Women still make up only about a quarter of Missouri lawmakers despite gains in what was nationally a record-setting election for female candidates.
The percentage of female Missouri lawmakers ticked up from 22.8 percent last year to 25.4 percent this session, according to data from the Center for American Women and Politics at Rutgers University.
That's below the national rate of 28.6 percent of state legislative seats and significantly below women's percentage of the general population, which is a little over half of all people nationally. Compared to the percentage of women in other state legislatures, Missouri ranks 33rd.
State Rep. Jean Evans said the increase in women this year was so small — just five more are serving — that "I don't know if it has a significant difference."
"Until we get to a Legislature that reflects the population of the state, which is more like fifty-fifty, there's always room for improvement," said Evans, a Republican from the St. Louis suburb of Manchester. "So I'm glad to see an increase, but I would love to see more."
Part of the challenge is getting more women to run for office, Evans and other female lawmakers said.
Democratic Senate Minority Leader Gina Walsh said with the pay at about $36,000 a year, "you're asking them to make a big sacrifice."
House Minority Leader Crystal Quade recruited Democratic candidates to run last November and said men often jumped at the opportunity when asked. But she said women were hesitant and "often taken aback that I would even consider them, even though they were just as qualified as the other men I may have been speaking to."
"When women finally say 'yes' and they run, they win," Quade said. "It's just getting them to actually believe that they have the skillset and are ready."
Wendy Doyle, president and CEO of the Kansas City-based Women's Foundation, said support from political leaders is key, and traditionally men have been at the top of the ticket. No woman has ever served as Missouri's Senate president pro tem, and only one woman —Republican Catherine Hanaway — has ever served as House speaker.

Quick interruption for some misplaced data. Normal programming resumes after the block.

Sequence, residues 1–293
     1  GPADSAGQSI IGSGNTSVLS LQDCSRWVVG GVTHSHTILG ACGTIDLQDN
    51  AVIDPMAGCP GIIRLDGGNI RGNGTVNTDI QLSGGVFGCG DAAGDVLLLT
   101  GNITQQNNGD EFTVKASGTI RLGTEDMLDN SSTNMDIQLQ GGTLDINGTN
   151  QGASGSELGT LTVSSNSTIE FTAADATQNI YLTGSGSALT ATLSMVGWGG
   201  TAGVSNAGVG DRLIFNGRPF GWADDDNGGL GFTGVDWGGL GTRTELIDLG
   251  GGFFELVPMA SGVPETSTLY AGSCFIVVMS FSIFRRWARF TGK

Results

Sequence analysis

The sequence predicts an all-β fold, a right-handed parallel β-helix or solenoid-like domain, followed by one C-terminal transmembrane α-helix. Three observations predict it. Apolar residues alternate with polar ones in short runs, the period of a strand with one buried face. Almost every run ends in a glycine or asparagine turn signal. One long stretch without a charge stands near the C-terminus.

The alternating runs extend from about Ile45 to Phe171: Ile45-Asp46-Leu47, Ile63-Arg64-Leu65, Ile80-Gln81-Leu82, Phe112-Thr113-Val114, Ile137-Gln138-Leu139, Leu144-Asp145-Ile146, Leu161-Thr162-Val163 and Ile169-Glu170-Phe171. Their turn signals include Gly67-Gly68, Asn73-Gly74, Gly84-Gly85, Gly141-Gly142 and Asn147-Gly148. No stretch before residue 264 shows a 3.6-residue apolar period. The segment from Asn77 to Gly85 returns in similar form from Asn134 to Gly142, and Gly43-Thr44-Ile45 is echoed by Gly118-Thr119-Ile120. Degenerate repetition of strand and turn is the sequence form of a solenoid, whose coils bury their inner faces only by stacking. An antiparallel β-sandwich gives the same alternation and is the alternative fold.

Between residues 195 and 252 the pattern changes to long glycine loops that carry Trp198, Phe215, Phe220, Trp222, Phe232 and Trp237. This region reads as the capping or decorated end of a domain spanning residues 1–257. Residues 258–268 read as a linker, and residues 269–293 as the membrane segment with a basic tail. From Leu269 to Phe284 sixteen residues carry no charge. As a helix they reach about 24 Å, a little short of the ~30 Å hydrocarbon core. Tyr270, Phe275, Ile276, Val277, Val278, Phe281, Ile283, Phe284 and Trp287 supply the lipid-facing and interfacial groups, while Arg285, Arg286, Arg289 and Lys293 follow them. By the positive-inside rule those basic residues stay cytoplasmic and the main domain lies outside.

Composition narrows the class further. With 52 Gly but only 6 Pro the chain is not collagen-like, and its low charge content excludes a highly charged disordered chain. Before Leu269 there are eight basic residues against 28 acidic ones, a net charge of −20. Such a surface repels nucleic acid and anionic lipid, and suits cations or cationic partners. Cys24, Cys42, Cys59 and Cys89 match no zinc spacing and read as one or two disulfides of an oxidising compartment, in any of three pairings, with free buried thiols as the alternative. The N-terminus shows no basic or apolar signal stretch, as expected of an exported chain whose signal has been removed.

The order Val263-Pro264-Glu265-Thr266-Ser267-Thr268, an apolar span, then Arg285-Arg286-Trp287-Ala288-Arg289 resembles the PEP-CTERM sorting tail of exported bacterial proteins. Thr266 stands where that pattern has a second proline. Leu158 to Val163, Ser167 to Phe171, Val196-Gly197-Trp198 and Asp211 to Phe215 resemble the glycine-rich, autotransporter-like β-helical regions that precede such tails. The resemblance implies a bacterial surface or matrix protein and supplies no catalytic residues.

But nationally, Missouri is one of just seven states where women — Quade and Walsh — hold at least two of the four top-ranking leadership spots, according to a review by The Associated Press. Walsh said she's "really thrilled" when more women are elected.
Data compiled by Walsh's office show more women are heading committees and serving in other lower-level legislative leadership positions this session than any other dating back to 2003.
"If we don't have a seat at the table, we're going to bring our own chair," Senate Minority Caucus Whip Jamilah Nasheed said. "That's the mentality of the women in the Capitol now."
Still, men occupy all but one of Missouri's statewide elected offices and head both the state House and Senate.
"If they can be the champion for women to break through those barriers," Doyle said, "that would be helpful."
Evans said it was Republican Attorney General Eric Schmitt, who previously served as a state senator and then treasurer, who finally persuaded her to run for office. She said once she jumped in, Republican U.S. Rep. Ann Wagner — one of the leading female elected officials in the state — mentored her.
Now Evans said it's her responsibility to reach out to other women and girls. When she visits schools in her district, Evans reads "Grace for President," a book about a little girl so mad that there's never been a female U.S. president that she runs to be her class president.
"It helps that for many of these kids," Evans said, "the first politician they ever meet is a woman."